Open Access
Issue
BIO Web Conf.
Volume 14, 2019
The 12th International Conference on the Health Effects of Incorporated Radionuclides (HEIR 2018)
Article Number 03014
Number of page(s) 4
Section Dosimetry and Dose Assessment: Oral presentations
DOI https://doi.org/10.1051/bioconf/20191403014
Published online 07 May 2019

1 Introduction

An internal contamination accident with plutonium (Pu) compounds occurred at a facility of the Oarai Research and Development Center of the Japan Atomic Energy Agency (JAEA) on June 6, 2017. The outlines of this accident are provided elsewhere [1]. On the day following the accident, the National Institues for Quantum and Radiological Sceinces and Technology(QST-NIRS) received the five workers who were involved in the accident and has continued direct and indirect measurements for internal dose assessments as well as treatments using chelating agents (Ca-DTPA, Zn-DTPA). The first dose assessment results of the five workers were reported on July 10, 2017; the highest dose estimate for the workers was found to be within 100–200 mSv as a committed effective dose (CED) [2]. This accident was the first internal contamination accident in which a decorporation therapy to remove inhaled Pu outside the body was performed in Japan. The decorporation therapy continued more than one month for three of the five workers. This paper describes highlights regarding the first dose assessment and some future developments, in particular for evaluating the dose reduction due to decorporation therapy.

2. The first dose assessment

The aim of the first dose assessment was to determine the workers’ internal doses in a manner that would not result in an excessive overestimate, based on a reasonable interpretation of the measured results of faeces, urine samples, and the lungs. Regarding the lung counting with high-purity germanium (HPGe) detector arrays, americium-241 (241Am) was detected from two of the five workers. The effective size of the inhaled Pu aerosols was estimated from the 241Am activity ratio of the early faecal excretion (collected for the first 5 days after intake) to the residual lung deposition (Figure 1) [3]. The size determined was 5 µm in Activity Median Aerodynamic Diameter (AMAD) for the worker with the highest dose (Worker A) and 1 µm in AMAD for the other four workers. These sizes have been designated as default values for occupational exposure [4]. The absorption type in the respiratory tract was estimated from the urine samples collected prior to the first decorporation therapy using Ca-DTPA (calcium diethylentriamene pentaacetate) that was performed about half a dayafter the workers’ intake at the JAEA-NCL. In a comparison with the predicted urinary excretion of Pu and 241Am using the intake amounts calculated from the early faecal excretion, the results suggested a mixture of Type M and Type S materials (Figure 2). Type M (with higher dose coefficients for Pu) was thus selected to avoid underestimations of the doses.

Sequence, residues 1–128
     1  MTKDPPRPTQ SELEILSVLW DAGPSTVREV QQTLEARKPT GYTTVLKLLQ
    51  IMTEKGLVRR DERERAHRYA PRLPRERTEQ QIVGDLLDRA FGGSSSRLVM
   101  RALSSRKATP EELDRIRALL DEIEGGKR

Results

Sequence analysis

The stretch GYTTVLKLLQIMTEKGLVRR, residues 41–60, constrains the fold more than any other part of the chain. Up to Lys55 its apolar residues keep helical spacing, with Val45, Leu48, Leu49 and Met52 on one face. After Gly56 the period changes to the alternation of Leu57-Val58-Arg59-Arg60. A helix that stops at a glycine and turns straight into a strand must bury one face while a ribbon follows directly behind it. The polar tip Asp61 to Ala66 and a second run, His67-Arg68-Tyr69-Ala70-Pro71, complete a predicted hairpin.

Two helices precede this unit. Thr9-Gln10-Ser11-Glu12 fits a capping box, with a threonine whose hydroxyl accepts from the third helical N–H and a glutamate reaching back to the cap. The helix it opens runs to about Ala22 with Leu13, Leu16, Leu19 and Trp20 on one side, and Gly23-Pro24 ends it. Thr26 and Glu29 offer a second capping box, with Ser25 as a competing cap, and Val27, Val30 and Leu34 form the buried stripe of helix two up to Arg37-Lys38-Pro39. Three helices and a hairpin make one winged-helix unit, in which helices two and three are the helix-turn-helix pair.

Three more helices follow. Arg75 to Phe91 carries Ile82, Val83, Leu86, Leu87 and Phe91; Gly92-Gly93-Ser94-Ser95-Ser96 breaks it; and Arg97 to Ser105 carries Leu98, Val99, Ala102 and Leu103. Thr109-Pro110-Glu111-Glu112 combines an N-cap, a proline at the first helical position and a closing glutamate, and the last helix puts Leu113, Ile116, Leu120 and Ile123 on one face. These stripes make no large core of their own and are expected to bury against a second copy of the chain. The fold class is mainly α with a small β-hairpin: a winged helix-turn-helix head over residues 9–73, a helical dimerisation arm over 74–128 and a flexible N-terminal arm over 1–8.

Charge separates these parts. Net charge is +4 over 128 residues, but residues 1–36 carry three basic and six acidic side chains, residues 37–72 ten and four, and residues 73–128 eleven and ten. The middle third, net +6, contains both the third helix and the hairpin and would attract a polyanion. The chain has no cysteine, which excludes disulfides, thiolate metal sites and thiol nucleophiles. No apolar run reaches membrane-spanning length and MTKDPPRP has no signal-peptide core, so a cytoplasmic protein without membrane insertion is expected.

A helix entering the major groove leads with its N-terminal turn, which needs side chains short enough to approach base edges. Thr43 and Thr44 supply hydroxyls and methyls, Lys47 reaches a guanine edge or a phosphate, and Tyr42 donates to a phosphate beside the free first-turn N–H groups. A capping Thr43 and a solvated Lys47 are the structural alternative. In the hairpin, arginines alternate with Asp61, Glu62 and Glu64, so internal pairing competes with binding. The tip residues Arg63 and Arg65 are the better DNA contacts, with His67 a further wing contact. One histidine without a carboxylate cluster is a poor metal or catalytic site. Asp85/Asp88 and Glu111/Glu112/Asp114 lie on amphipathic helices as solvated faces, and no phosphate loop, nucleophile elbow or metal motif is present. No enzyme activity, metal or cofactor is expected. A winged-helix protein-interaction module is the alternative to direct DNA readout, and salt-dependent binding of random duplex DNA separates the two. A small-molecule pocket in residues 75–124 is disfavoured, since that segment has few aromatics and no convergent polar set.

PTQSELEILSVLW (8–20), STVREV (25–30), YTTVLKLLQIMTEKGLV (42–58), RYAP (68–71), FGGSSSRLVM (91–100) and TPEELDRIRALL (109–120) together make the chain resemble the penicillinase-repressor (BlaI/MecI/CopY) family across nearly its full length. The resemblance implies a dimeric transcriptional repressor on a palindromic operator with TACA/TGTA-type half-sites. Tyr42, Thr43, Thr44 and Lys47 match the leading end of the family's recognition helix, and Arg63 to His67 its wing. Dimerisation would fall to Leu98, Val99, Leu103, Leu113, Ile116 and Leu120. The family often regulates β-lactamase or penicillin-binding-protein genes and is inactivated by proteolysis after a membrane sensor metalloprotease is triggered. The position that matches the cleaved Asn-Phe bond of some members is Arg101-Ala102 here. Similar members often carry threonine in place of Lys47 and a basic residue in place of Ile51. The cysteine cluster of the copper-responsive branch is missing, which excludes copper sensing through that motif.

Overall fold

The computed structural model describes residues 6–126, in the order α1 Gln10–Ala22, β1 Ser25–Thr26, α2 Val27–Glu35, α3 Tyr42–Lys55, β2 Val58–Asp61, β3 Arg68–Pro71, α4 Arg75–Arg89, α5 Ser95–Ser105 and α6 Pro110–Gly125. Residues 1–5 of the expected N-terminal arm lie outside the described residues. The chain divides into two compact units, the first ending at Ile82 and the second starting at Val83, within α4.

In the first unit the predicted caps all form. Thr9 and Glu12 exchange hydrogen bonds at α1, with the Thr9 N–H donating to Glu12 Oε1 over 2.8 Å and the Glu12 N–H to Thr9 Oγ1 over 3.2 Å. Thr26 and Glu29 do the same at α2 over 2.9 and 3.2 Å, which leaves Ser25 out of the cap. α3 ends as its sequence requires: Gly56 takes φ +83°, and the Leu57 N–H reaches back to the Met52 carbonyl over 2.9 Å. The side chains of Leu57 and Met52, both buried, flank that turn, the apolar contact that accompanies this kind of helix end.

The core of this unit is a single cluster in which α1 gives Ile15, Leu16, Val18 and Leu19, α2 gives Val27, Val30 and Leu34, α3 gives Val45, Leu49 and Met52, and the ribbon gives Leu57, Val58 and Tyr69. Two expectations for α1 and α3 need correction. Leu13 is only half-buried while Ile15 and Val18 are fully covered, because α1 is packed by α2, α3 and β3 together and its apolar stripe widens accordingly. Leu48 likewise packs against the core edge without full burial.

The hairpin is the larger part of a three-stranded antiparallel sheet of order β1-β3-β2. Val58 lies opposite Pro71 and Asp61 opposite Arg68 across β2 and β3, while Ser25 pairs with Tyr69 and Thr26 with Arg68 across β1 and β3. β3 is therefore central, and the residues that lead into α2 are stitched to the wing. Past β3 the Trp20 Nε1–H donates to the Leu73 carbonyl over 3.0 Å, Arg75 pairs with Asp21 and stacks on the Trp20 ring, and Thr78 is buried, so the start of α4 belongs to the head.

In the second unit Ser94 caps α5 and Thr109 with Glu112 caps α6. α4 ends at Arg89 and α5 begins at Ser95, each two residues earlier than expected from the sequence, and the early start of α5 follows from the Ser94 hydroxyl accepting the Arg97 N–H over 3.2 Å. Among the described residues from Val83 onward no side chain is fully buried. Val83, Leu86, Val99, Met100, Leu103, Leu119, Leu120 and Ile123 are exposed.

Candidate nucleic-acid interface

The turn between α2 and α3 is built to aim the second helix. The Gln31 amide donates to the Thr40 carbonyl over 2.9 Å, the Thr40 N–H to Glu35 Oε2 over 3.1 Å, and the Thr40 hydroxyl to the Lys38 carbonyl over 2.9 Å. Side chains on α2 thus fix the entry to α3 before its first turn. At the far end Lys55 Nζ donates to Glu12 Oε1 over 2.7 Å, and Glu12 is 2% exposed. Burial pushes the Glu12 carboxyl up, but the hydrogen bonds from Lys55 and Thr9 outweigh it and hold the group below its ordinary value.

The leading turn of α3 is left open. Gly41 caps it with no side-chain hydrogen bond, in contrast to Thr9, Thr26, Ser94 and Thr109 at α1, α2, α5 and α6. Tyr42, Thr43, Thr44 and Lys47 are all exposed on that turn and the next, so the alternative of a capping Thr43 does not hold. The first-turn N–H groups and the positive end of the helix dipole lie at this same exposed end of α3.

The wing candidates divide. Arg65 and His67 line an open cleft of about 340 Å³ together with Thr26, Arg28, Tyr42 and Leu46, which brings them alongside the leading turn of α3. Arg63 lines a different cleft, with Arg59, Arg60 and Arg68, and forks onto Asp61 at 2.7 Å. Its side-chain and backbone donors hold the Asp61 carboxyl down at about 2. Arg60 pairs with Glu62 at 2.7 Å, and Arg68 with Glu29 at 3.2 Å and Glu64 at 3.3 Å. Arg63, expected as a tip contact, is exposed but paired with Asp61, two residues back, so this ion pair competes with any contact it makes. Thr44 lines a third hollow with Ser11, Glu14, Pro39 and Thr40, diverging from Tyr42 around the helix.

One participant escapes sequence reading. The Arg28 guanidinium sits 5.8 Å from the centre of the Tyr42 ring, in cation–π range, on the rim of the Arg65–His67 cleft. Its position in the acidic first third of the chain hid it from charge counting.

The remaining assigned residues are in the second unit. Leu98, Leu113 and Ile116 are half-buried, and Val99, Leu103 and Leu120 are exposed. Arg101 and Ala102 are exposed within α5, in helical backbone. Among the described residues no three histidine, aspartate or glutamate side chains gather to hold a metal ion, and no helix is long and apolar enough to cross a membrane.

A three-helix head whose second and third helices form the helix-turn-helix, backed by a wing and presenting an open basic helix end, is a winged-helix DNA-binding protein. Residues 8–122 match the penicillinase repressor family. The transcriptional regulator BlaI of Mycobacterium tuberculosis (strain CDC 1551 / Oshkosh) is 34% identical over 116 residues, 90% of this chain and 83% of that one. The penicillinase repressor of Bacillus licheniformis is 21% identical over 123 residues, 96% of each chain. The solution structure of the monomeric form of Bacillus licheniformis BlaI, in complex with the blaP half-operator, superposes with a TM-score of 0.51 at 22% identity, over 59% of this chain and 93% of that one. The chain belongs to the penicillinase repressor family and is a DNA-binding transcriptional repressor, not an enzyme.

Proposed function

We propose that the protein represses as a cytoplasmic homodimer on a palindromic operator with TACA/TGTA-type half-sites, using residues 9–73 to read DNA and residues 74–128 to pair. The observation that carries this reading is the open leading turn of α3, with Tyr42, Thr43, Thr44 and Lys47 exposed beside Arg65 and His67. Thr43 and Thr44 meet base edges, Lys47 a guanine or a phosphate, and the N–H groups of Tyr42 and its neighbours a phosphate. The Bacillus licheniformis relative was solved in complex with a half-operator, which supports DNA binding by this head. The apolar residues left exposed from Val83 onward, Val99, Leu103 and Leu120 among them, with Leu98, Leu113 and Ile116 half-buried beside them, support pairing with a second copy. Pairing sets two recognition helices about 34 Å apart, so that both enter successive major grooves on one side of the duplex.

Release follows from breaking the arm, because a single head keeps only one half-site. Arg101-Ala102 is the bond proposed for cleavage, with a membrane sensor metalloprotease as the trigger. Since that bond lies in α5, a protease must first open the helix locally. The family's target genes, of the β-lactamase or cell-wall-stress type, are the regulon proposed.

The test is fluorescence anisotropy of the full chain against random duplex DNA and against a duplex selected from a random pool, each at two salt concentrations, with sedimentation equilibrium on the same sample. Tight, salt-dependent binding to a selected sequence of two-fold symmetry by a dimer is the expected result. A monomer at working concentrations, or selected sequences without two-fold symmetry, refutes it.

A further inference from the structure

thumbnail Figure 1

Estimation of the effective size of inhaled aerosols

thumbnail Figure 2

Estimation of the absorption type

3. Future development of the dose assessment

To evaluate dose reductions due to decorporation therapy, it is necessary to assess more accurate intake amounts as well as to develop a sophisticated model in which the impact of Ca/Zn-DTPA on the biokinetic behavior of Pu can be identified [5]. As described, the aerosol size of 5 µm in AMAD was determined for Worker A; however, larger aerosols are expected from the results (Figure 1). The early faecal excretion of 241Am for Worker A was ~700 Bq, so that the predicted 241Am lung deposition was ~100 Bq assuming 5 µm, which is much larger than the worker’s lung counting result (20 Bq). Figures 3 and 4 are the preliminary calculations to explain the dose reduction for Worker A. Figure 3 compares the observed and predicted Pu urinary excretion (Type M, Type S, and Mix) for Worker A, indicating that the difference between the observed and predicted values is related to the dose reduction. Here the predicted values were obtained assuming the aerosol size of 15 µm, and those for Mix were obtained by adjusting the ratio of Types M and S to match the observed urinary excretion prior to the first decorporation therapy. Figure 4 shows the predicted residual Pu activity of blood, liver, bone and lungs for Mix without the effects of Ca/Zn-DTPA and indicates that the efficacy of Ca/Zn-DTPA at later days is very limited. However, a temporal increase in urinary excretion was observed in the urinary data obtained several months after the workers’ intake, suggesting that the absorption parameters in the respiratory tract should be modified. Further analyses will be presented at the conference.

thumbnail Figure 3

Comparison of the observed and predicted Pu urinary excretions.

thumbnail Figure 4

Predicted Pu residual activities in various parts of the body

References


© The Authors, published by EDP Sciences, 2019

Licence Creative Commons
This is an open access article distributed under the terms of the Creative Commons Attribution License 4.0 (http://creativecommons.org/licenses/by/4.0), which permits unrestricted use, distribution, and reproduction in any medium, provided the original work is properly cited.

All Figures

thumbnail Figure 1

Estimation of the effective size of inhaled aerosols

In the text
thumbnail Figure 2

Estimation of the absorption type

In the text
thumbnail Figure 3

Comparison of the observed and predicted Pu urinary excretions.

In the text
thumbnail Figure 4

Predicted Pu residual activities in various parts of the body

In the text

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